Storytelling is as old as the hills.
By Mimi Bell
You’re just hearing about it a lot more these days because marketers have come to realize what generations of people, from all cultures, have always known: People are moved by stories. Moved to take action. Moved to make a charitable donation. Moved to make a buying decision.
The pen remains mighty
Stories are a powerful influencer. When you hear a good story, you connect with another person. You don’t just read it and forget it. You do something.
If the story is about a child going to bed hungry at night, you feel compelled to give something to the soup kitchen—money or a basket of food—to fill that empty tummy. If the story tells of an injustice, you’ll sign your name to a petition, speak up, or maybe even join in a protest. If the story tells about a new invention, perhaps a product that can make your life easier or help you run your business more cost-effectively, you have your purchasing department cut a PO. It’s the story’s ability to compel us to take action—to do, give, or buy—that makes it so powerful.
But just telling a story—even one with a good plot or intriguing characters—isn’t enough. The power of storytelling is wielded by the storyteller. And not everyone can tell a good story (even though everyone thinks they can and boasts that they can). The analogy here is to telling a joke.
Have you ever heard a really great joke, the kind when expertly delivered has you doubled over in guffaws? Have you ever heard that very same hysterically funny joke—with the same punch line—delivered by my cousin Bob, who thinks he’s a comedian but whose timing is off, who doesn’t emphasize the right words, and who scrambles the punch line? Yep, that’s where the expression “went over like a lead balloon” comes in.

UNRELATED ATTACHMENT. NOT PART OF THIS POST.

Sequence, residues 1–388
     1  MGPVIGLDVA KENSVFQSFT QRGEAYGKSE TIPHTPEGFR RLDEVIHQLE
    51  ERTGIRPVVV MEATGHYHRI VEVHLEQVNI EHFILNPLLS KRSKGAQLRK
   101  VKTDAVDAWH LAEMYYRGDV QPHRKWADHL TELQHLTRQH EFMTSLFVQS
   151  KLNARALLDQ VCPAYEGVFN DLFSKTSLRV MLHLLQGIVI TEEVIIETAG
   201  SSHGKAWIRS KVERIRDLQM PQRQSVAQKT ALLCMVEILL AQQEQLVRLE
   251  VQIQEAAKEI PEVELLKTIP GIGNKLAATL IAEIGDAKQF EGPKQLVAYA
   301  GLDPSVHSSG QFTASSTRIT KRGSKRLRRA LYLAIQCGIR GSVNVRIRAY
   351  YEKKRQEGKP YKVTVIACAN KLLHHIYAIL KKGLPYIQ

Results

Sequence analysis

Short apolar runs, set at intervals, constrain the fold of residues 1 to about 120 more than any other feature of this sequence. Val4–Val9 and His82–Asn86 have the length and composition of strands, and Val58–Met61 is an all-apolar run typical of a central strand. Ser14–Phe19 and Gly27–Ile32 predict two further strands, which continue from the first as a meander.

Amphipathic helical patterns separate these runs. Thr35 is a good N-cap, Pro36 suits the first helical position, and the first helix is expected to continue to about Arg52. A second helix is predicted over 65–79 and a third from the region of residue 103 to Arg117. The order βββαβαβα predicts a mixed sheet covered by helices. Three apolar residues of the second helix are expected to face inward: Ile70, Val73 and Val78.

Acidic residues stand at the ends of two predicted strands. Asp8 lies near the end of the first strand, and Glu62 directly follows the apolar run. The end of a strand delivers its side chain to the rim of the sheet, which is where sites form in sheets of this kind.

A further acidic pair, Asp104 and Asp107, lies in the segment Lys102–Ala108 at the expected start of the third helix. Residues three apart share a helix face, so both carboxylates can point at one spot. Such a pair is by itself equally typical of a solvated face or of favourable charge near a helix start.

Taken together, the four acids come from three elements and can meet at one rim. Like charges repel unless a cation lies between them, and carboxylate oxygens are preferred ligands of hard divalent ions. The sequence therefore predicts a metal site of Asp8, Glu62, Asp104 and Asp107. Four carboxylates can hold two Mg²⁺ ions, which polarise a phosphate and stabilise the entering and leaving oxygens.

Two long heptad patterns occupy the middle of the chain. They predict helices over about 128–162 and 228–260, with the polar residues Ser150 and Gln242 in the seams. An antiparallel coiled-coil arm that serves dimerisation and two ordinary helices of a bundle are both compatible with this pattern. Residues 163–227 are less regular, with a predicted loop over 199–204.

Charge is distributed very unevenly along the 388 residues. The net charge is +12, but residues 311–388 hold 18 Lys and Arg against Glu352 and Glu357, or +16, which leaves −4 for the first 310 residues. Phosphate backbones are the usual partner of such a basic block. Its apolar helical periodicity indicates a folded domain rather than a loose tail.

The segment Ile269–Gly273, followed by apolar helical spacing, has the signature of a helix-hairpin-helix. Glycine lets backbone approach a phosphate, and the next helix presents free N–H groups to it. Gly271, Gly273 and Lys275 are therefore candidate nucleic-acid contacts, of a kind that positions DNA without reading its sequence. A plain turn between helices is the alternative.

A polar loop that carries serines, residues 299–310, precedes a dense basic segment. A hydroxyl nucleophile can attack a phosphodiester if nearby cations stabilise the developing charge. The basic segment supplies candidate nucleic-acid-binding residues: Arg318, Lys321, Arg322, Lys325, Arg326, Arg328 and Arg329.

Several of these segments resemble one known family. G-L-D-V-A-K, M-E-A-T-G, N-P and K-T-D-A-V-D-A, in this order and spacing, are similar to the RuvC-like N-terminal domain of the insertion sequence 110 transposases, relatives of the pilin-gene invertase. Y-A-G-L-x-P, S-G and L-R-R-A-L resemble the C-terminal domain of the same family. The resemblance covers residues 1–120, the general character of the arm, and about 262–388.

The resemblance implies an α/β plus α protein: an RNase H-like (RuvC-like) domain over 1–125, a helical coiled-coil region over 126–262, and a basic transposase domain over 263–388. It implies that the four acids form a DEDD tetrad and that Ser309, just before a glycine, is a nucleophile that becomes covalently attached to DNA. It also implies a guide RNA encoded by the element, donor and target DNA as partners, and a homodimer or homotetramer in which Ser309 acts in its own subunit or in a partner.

Not one or the other, but both
Storytelling is not only an art, which is how it is often, and accurately, described, but a science, too. The science part involves understanding how a human eye reads words on a page. And how those words on a page—not too many and not too few—should be divided between headlines, decks, feature articles, sidebars, text boxes, and photo captions. It’s also not just about the words, but how visuals should go hand in hand with the words. And how those visual components—photographs, infographics, typeface, font size, space between lines, colors on the page, or the absence of visuals and text on the page (white space)—are equally crucial to the science of storytelling. When the art of storytelling and the science of storytelling come together—poof!—it’s a chemistry experiment gone right.
Storytelling: not for the faint of heart
But let’s not get complacent about storytelling. It’s best left to the true experts, the article writers, editors, art directors, and editorial photographers of an experienced custom publishing house, folks who are dedicated solely to telling great stories.
Why? Because telling a pitch-perfect story is heavy lifting, and it shouldn’t be left to advertising agencies, PR firms, or your niece who writes for her school newspaper. While just about everyone says they can do the storytelling job for you, writing a compelling story is art and science. And it’s very different from writing snappy copy for your marketing brochure, warranty card, or sales sheet. Doubt me? Then my cousin Bob’s got a great joke he wants to tell you.